High Intensity Training - HIT

The Basics of Abbreviated Training
By Kieran Fisher - Contributor to MuscleTalk

Today bodybuilding and weightlifting routines commonly extend into 4, 5, 6, or even 7-day fests of isolation and compound movements. These often use many sets, 'scientific' methodology, and if what can be seen in most gyms is taken as evidence, provide little results. This hasn't always been the case, and if we look back to turn of the century strongmen we can see that they focused on short, hard workouts utilising basic movements and heavy weights. Don't take my word for it, here are some examples of what people did before steroids and supplements came to the mainstream:

  • Hermann Goerner deadlifted 734 ½ lbs with one hand on October 8th 1920, at a bodyweight of no more than 290lbs (he also had a 1 rep max two handed deadlift of 830lbs, less than 100lbs off the current world record and his was accomplished without support gear or drug use).
  • John Davis, two-time Olympic champion competing between 1937 and 1956, capable of squatting 500lbs fully for 10 reps, deadlifting 705lbs, strict curling 215lbs, and overhead pressing 375lbs. All without support gear or drugs.
  • Paul Anderson, possibly the strongest man who ever lived, squatted 1206lbs, push pressed 600lbs, and still holds the all time record for heaviest weight lifted by a human, of 6270lbs in the backlift (check in the Guinness Book of records if you don't believe me).
  • Reg Park, won the NABBA Mr. Universe title three times in 1951, 1958 and 1965 as well as many other bodybuilding awards from the 1940's to 1960's. The second person ever to bench press 500lbs, regularly squatted and deadlifted with 600lbs, and behind the neck pressed a 1 rep max of 300lbs. He was Arnold Schwarzenegger's hero, and was also British! How long did he train for? About 3 times a week, for about an hour.

There are many more examples if you're willing to look into the iron game's illustrious past.

During the mid 1960s and 1970s the influence of anabolic steroids became more prevalent in bodybuilding - they had been present before from about the 1950s, but took some time to take off as even into the late '60's, many lifters had great worries about the potential for ill health as a result of taking them. It is, if we look back, about this time that routines began to change and evolve into what we see today where a typical workout may consist of 25 sets, attempting to work each muscle independently and without thought to the body's own biochemical reactions. In my mind not only is this type of training counterproductive for the great majority of trainees, but also makes it impossible to put forth the level of hard work that is essential for muscular growth and physical advancement. Let us look at it this way, we have two people, one of whom trains 20 sets in a chest and triceps workout, he spends about an hour and a half in the gym, in which time doing 4 sets of flat bench, 4 sets of incline, 4 sets of cable cross-overs, 4 sets of skull-crushers on the ez-bar, and 4 sets of cable push downs. He feels his workout has been productive, takes a shower, and goes on his way.

On the other hand we have a guy who trains twice a week for less than an hour each time. He does cardio twice a week also and is in good shape, but lifts only on Monday and Thursday. His Monday workout consists of squats, to at least parallel, bench presses on a flat bench, bent over rows, barbell curls and sit-ups. Starting with squats he warms up then proceeds to a working weight of 300lbs for 20 reps, he always goes to the point where he has to drop the weight on the support bars of the squat rack, which means some weeks he gets 18 reps, some 24. If he gets 19 or better he moves the weight up 5lbs next week. Going to failure on hard squatting has the addition effect of occasionally meaning he has to sit down for 10 minutes afterward, or run to the toilet and puke - both sure signs of hard work, the type of hard work that is a prerequisite to solid muscle building. After the squats he moves on to bench presses. He sees no need to do incline, decline, flyes, cross-overs and endless other accessory movements for he already benches 250lbs for 8 full and smooth reps, and has a chest measurement of 45 inches with little body fat (not amazing, but easily a 300lb single and better than most of the people reading this I'd wager, and also better that the vast majority of people you've seen training in your gym!). Each set here is taken to muscular failure, where the spotter must take the weight from him on the last rep. Our lifter does not do forced reps, he doesn't see that need to pretend he lifts more than he does, and knows it can lead to over-training. The spotter only interferes with the set if the lifter asks and can't do anymore.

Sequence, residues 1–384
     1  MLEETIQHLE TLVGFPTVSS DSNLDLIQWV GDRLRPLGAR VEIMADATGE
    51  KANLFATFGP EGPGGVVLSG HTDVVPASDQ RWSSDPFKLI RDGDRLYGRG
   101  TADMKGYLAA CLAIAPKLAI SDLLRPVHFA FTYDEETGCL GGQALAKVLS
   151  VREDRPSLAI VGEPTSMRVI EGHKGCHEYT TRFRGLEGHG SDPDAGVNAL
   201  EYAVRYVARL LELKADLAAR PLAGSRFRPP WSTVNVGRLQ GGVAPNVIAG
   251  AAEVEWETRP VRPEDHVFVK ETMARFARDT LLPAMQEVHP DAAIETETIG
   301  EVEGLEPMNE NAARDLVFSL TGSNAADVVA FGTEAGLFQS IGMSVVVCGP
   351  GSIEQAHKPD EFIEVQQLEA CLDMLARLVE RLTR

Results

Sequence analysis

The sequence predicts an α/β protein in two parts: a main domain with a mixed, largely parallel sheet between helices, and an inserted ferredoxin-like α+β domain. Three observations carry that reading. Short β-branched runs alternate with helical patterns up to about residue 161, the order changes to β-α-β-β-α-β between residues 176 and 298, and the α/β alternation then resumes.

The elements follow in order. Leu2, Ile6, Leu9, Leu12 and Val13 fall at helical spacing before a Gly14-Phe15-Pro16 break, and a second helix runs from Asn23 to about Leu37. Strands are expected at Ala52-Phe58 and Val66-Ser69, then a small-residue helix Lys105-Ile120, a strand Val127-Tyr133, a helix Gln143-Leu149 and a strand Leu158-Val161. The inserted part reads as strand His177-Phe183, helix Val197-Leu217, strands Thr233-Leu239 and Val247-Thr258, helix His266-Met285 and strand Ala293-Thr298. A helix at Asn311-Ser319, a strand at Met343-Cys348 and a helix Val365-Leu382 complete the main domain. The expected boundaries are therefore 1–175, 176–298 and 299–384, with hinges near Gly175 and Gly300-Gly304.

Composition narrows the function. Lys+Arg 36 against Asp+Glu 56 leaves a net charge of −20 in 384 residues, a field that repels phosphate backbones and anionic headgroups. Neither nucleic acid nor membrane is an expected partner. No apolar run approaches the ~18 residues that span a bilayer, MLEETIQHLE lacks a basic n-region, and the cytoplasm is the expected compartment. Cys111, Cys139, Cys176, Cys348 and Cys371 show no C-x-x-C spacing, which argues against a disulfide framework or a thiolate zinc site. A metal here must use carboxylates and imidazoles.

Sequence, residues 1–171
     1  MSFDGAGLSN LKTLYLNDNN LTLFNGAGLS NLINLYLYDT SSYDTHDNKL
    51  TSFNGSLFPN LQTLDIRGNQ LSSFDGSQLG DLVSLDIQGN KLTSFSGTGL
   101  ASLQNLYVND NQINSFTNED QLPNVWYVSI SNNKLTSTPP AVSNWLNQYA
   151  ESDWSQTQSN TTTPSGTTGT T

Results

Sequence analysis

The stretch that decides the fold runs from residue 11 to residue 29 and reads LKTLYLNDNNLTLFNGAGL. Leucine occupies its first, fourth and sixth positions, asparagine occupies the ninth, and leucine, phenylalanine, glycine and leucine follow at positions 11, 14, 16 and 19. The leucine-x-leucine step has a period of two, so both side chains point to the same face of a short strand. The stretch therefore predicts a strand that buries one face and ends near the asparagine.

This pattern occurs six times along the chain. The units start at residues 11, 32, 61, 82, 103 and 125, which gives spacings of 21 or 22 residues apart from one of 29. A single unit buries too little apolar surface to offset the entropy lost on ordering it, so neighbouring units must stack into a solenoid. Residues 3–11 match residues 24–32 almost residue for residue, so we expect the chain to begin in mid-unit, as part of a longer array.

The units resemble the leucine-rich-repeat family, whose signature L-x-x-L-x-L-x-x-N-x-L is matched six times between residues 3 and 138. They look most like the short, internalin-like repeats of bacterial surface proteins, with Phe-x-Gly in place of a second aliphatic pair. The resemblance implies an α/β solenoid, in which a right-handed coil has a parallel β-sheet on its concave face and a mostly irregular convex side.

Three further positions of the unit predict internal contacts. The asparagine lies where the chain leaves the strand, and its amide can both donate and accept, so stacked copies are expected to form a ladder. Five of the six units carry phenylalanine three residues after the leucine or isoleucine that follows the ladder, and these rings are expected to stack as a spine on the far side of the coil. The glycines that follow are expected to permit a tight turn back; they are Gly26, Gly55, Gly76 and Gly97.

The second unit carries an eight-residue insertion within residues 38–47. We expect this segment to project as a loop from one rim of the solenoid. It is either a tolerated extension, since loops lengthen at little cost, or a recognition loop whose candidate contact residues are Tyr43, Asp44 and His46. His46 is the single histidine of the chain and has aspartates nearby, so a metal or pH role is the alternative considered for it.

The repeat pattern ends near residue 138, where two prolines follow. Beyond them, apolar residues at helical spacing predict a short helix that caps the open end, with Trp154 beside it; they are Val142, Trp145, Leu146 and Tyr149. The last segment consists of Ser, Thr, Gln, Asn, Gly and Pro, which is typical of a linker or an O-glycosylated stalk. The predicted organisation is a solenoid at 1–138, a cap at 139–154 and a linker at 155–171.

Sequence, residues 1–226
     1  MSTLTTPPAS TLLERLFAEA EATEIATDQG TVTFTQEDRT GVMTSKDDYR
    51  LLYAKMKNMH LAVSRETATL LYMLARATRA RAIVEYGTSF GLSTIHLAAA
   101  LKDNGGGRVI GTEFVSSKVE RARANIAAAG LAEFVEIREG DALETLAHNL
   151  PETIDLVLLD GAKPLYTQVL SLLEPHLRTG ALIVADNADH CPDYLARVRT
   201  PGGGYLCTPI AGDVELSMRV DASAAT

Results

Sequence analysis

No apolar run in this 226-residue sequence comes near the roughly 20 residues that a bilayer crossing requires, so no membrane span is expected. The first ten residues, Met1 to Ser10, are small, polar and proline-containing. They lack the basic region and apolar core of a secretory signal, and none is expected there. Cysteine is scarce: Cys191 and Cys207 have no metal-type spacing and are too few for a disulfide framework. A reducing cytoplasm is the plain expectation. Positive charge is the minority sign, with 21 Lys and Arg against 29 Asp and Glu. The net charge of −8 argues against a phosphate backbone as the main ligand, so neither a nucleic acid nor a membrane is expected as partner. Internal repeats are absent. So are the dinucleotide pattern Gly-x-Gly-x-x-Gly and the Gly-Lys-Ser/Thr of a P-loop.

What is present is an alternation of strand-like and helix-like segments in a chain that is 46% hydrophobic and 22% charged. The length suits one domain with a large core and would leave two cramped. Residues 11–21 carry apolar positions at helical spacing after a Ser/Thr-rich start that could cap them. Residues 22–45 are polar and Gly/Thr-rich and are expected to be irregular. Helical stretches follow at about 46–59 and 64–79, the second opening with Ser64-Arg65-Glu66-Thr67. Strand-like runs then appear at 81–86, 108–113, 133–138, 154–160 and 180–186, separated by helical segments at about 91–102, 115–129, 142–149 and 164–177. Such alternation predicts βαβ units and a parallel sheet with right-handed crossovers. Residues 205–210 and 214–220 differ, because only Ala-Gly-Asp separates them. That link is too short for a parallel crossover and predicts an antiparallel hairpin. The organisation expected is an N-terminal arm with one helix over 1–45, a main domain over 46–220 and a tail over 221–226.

Bent over rows come next, 2 hard sets with 240lbs (far too many people have benching strength massively in excess of their pulling strength, and it is this kind of stupidity in training that helps lead to the multitude of shoulder injuries that are seen today). After this again, 2 sets of curls hard and to failure, and then 1 set of sit-ups for 50 reps. Sometimes he does these holding a disc on his stomach and going to failure, but today felt like simply repping it out.

The lifter above did just 8 sets, who has worked harder? Let me give you a test, if you don't believe that 2 short workouts each week can work, go to the gym and do this:

1) Take your ten rep squatting poundage and squat it for 30. If you fail and have to drop it on the squat rack pins, unload it then put it back up, load it again and keep going until you reach 30 repetitions!
2) Move on to deadlifts, take your 10-rep poundage and do the same, keeping your back flat and your form good.
3) Do one set of overhead presses to failure.

Do this and then come back and say you had an easy workout.

The basis of High Intensity Training